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Canberra Good Neighbour Newspaper Archives Mar 1 1969, Page 2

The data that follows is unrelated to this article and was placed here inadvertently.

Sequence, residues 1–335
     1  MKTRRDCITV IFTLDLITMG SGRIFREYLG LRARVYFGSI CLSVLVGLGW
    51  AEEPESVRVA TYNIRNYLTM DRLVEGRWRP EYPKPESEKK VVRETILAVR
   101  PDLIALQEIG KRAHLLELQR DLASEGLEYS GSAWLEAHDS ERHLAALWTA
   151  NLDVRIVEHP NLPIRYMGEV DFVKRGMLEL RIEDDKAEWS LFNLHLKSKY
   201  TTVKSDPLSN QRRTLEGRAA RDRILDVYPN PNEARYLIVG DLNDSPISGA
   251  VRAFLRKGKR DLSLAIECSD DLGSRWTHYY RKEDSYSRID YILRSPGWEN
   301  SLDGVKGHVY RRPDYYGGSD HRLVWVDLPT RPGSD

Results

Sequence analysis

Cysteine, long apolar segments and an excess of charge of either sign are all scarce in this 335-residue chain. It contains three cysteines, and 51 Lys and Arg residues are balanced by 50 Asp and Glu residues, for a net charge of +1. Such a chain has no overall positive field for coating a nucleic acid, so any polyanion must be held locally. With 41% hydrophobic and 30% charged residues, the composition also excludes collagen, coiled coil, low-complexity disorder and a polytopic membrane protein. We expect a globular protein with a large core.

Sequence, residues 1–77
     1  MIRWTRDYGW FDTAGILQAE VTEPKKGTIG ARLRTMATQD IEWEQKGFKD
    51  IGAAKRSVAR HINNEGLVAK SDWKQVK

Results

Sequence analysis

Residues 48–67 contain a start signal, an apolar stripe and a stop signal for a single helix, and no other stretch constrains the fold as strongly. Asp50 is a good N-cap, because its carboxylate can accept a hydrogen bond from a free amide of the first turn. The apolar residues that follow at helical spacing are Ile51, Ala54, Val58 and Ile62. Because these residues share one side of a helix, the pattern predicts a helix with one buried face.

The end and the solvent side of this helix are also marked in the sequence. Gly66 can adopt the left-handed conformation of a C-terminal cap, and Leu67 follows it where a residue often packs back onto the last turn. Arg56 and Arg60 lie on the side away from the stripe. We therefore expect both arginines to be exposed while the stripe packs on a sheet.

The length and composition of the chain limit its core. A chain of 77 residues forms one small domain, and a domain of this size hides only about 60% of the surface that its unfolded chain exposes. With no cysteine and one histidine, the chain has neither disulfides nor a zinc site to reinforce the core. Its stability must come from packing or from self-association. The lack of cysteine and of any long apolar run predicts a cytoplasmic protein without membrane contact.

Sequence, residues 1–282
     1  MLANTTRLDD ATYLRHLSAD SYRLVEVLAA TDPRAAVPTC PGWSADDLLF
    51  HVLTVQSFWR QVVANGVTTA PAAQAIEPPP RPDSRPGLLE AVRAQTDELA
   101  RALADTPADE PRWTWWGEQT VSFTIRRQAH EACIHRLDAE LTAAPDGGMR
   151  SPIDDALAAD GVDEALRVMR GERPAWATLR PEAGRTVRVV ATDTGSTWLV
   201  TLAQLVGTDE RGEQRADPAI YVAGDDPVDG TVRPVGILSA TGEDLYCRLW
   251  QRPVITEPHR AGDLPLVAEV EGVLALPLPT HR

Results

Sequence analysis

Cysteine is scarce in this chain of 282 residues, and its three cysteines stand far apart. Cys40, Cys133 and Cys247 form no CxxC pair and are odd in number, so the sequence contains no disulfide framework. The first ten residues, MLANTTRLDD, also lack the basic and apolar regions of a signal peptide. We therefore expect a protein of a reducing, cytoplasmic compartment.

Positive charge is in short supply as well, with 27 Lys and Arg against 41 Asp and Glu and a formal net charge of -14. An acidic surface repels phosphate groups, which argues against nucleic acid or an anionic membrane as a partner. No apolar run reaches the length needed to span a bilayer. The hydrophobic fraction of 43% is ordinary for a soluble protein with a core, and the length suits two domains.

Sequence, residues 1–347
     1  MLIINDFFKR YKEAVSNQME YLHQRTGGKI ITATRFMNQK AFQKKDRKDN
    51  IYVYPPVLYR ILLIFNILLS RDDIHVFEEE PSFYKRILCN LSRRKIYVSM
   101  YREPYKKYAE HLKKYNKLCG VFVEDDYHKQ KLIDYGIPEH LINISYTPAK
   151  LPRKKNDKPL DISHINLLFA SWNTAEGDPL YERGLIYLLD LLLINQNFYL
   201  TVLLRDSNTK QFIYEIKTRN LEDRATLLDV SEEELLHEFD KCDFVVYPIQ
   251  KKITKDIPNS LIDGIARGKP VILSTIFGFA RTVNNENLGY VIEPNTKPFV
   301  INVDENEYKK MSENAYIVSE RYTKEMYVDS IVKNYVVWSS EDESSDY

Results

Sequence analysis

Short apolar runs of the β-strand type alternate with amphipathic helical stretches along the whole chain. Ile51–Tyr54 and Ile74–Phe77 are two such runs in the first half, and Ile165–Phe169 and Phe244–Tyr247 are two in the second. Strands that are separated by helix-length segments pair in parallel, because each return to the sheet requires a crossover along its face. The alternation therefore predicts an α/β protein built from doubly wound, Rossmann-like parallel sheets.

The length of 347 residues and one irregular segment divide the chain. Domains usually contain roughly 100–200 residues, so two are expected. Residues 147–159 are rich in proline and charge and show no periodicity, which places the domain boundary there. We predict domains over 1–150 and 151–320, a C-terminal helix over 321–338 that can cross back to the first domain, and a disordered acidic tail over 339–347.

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Canberra Good Neighbour (Newspaper) - March 1, 1969, Canberra, Australian Capital Territory Letters worlds in miniature Appeal for books sir can i suggest one Way in which newcomers like myself and australians can get to understand each other better what i have in mind is the establishment of a Park of about two or three acres in each of the capital cities of Australia. Similar Parks exist in overseas capital cities with big populations. Each of the Parks i am suggesting could have miniature reproductions of world famous buildings and objects such As the Sydney opera House the Melbourne culture Centre the Sydney Harbour Bridge the Eiffel Tower the statue of Liberty and the House of commons. In All there could be about 100 miniature reproductions in each Park. Through the Parks australians could learn something about the countries from which migrants come. At the same time migrants would be Able to see in miniature something of the development that is taking place in Australia. Or j. Pal 140 Neil Street Carlton Vic. 3053 sir the Young women s Christian association runs the libraries for migrants in the Mariby Nong and Altona hostels in Victoria. We have great difficulty in obtaining Reading matter for non English speaking migrants in the hostels and would appreciate receiving any books magazines etc., for children and adults. All literature should be sent to immigration Secretary do ., 60 Russell Street Melbourne Vic. 3000. We have sufficient Reading matter for British migrants. Mrs b. A. Bartlau Immigration Secretary Melbourne Vic. 3000. A newcomer s thanks sir during the past few months i have received regularly your monthly Issue of the Good Neighbour which i find most interesting and which i recommend to All migrants. I migrated from the Middle East in november 1967, and am presently Well settled in this land of great expectation which offers tremendous opportunities to All hardworking people. My Only regret is that i did not come to Australia in my Early twenties. I find australians very Nice helpful and accommodating people. I recollect that during my first week in Australia when i had to go to the City or to any part of the metropolitan area to look for a Job i used to ask people about the streets and different places i had to Call on. Most of them used to walk with me and they would not leave me until they were certain that i knew How to reach my destination. To All those unknown Nice people i convey my warmest thanks and Heartfelt appreciation. S. A. Muss War 172 Livingstone Road Merrickville . 2204. What s in a name sir Dale Carnegie is his Book How to win friends and influence people said that the most pleasing sound to a Man was to hear his name pronounced correctly. I confess that our Anglo Saxon announcers do not have a clue about pronouncing some German and polish names. Can Vou help by publishing a few names regularly in the Good Neighbour showing the nearest phonetic pronunciation. These May be either in alphabetical order or a list of difficult names. H. Eborall manager�?1qt, Queenstown tas. 7467 editor s note the Good Neighbour appreciates the difficulties there Are in pronouncing unfamiliar foreign names but the space required for even a few of the main languages of new settlers in Australia does not allow us to follow or Eborall s suggestion. Perhaps our readers have some views blueprint for the future f or 19 years the Good Neighbour movement has been an integral part of Australia s immigration programme. Its Aims have been two fold to help migrants Settle successfully in their new country and to Foster Public readiness to make migrants Welcome. Recently the presidents and secretaries of the seven Good Neighbour councils met in Canberra to appraise their activities during the past 19 years and to prepare a blueprint for the future. See Story Page 1. Fresh in their minds were talks the presidents held last year with the minister for immigration or Snedden who outlined future immigration plans and the role Good Neighbours could be expected to play. Since the meeting with or Snedden the councils have taken individual Steps to increase the effectiveness of their role in the Field of migration. The statement of policy which came from the presidents and secretaries meeting in Canberra outlines generally the Many areas in which there is scope for Good Neighbour action. The policy is not binding on any Council nor can it be with the different conditions that exist in each of the states. However within the framework of the blueprint each Council can use its own approach to achieve the National goal of the successful integration of migrants. Ood Neighbours see themselves now less As a coordinating body and More As a Cooperator bringing together the resources of the Community. Where there Are deficiencies in some areas the Good Neighbour movement will provide the facilities to fill the Gap. Already the widened Outlook is bringing results. We now have a sense of reality and purpose which is evident throughout the Commonwealth. It s a much More precise and impressive organisation one Delegate told the meeting. Migrant munchkins Delight South australian children five British migrant housewives who formed their own children s theatre company in South Australia have Advance bookings for their shows for several months ahead. The women All friends and Neighbours at Elizabeth Are Joan Clements 36, Bridget Phillips 35, Pauline Carter 31, Eileen Moody 30, and Ann Willis 24. Mrs Joan Clements who migrated l Roni Bedford in 1961, says we ail used to dabble in local repertory theatre work but we Felt we wanted to do something More than that. The results obtained from a series of afternoon Tea meetings at the Clements Home was the formation or a rive girl group called the munchkins. It Means " the Little people mrs Pauline Carter says. We have written plays around some popular childrens stories like Hansel and Gretel Little red Riding it Good and Dick Whittington a and have permission from schools to put on snows for the live to Lightyear Olds mrs Eileen Moody the Mother of four children aged Between three and eight says mothers understand kiddies. We know that children love to get involved in play acting themselves. That is Why an important part of every Munchkin show is getting the Little ones out of the audience on to the stage to sing with some of the play characters in the munchkins version of Little red Riding Hoo the talking Munchkin Bush mrs Clements asks the children what to do with the Wolf when he has been caught. The kiddies yell for us to put him in gaol but we usually Compromise mrs Clements says. Wolf played by Bridget Phillips is made to feel contrite and ends up promising to turn Over a new Leaf mrs Pauline Carter in her talking tree costume left chats with fellow Munchkin mrs Ann Willis before the presentation of red Riding Hood